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BANDSAW GUIDES - HOW CLOSE?

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samlarsen

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Watcha (No abreviations here.)

I'm just wondering how close a fit the roller bearing guides should be to the blade on a bandsaw. My manual is, of course, useless on this issue.

What is the consensus? Both up to pinch the blade, then back off a couple / few thou? leave them all-but-tight on the blade? leave a clear gap?

Cheers all, and any help much appreciated.

Sam
 
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Anonymous

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Hi Sam

I have pondered over the same thing from time to time. Mine is a Charnwood 720 and they told me tha the blade should not touch the guides in use and to set them about 0.5-1mm away on either side.
 

Noel

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Tony,

I think the blade has to touch the guides in use. After all they do guide the blade. For me the guides and the rear thrust bearing (assuming you have this type of setup) should be as close as possible without touching. About a Rizzla gap.

Rgds

Noel
 

Pete W

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A magazine article I read last year suggested the thickness of a banknote folded in two and able to slide smoothly between blade and guide.
 

johnelliott

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How close they need to be can't be defined in terms of an exact distance, this is because bandsaws and their blades vary in their flexibility. I would suggest that you set the guides so that they are clear of the blade when it is running but not cutting, and so that they occasionally touch when cutting, especially curves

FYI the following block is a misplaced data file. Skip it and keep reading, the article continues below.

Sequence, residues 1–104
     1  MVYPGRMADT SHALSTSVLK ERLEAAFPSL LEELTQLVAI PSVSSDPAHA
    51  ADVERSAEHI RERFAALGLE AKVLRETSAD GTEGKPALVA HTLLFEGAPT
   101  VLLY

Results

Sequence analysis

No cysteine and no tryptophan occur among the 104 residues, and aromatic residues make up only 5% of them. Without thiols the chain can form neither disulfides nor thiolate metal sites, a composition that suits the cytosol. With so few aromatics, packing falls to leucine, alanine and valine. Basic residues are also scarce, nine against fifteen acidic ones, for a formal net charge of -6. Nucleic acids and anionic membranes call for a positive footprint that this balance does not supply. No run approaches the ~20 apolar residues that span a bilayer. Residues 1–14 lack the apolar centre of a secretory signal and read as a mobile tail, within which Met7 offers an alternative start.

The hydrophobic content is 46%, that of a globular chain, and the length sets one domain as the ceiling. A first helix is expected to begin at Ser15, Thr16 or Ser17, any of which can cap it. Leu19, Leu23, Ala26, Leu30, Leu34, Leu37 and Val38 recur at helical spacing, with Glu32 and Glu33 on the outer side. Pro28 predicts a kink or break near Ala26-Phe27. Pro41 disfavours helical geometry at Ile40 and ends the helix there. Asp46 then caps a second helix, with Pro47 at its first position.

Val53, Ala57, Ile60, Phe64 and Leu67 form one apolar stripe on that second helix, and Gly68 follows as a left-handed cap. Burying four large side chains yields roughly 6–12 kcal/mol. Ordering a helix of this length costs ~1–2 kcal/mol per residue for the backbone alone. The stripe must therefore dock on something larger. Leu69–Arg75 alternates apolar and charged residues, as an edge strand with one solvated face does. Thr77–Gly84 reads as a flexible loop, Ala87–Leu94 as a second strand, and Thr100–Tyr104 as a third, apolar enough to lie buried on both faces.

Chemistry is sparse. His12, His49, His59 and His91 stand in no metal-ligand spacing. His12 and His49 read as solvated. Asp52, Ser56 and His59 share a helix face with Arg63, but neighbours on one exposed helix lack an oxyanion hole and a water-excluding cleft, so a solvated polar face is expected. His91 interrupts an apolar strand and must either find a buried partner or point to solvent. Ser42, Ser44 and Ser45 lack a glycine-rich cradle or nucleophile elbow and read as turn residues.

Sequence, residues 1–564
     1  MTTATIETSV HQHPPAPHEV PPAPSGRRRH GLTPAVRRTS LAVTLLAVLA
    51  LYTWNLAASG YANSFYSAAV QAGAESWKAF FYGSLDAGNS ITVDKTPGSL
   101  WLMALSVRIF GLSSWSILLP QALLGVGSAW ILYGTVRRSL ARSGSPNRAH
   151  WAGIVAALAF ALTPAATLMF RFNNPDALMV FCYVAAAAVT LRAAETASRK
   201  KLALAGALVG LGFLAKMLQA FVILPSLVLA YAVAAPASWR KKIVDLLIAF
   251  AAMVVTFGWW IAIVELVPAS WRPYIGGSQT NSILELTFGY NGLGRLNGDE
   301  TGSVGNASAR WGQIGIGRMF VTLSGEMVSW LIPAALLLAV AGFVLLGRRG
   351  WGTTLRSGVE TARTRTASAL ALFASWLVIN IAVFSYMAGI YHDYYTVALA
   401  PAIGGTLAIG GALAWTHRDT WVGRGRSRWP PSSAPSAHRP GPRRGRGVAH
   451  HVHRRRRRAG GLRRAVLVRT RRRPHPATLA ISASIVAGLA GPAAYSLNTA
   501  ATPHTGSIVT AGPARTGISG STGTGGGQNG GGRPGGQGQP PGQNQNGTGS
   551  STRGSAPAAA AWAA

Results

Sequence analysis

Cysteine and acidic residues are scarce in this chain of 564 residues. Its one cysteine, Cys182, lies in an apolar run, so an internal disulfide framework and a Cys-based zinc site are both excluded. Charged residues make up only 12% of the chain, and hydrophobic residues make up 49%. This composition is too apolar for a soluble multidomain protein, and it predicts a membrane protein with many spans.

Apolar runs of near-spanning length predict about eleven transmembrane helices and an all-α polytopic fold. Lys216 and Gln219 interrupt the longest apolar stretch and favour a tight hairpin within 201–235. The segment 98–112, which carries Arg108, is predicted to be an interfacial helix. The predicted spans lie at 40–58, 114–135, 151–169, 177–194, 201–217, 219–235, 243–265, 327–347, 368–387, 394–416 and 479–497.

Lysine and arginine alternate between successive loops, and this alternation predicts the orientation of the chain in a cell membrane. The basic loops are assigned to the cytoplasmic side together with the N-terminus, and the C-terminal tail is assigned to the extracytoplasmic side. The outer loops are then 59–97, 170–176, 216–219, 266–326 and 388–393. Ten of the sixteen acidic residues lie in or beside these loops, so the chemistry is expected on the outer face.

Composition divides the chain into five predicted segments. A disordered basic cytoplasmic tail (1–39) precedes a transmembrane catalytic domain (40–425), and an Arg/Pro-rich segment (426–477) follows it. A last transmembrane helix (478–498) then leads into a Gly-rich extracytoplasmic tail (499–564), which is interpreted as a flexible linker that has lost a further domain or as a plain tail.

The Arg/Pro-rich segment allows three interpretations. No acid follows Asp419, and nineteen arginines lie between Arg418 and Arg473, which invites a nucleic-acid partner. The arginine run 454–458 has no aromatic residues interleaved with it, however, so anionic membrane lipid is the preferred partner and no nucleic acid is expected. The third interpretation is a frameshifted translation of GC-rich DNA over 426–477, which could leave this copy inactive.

John
 

Dewy

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I often worked on Startrite bandsaws as part of my job & always set the saw guides so that the blade passed through without binding. With every job needing a blade welded, you had to grind the welded part down so it was slightly thinner than the rest of the blade. We were sawing 3% & 5% chrome steel & thats far harder than any timber :(
We used coarse blades as the normal small tooth blades wore too quickly & took too long. Those blades were perfect for cutting wood though. :)
 
G

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Do these suggested settings apply to roller guides as well as friction guides?
 

Adam

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Having just come back from the Homewood Doscovery workshop - todays topic was bandsaw setup. The guy had run a saw mill for 10 years - and knew his stuff. He set set the guides about 1-2mm away.

He then demonstrated a 1mm veneer cut in mahagoney to prove this really worked. He was demonstrating on a "Draper" bandsaw.

He explained you can cut a grove in the rear thrust bearing if it's too close, and provided the blade is sharp and tensioned correctly, the side bearings don't actually do anything.

Adam
 

Alf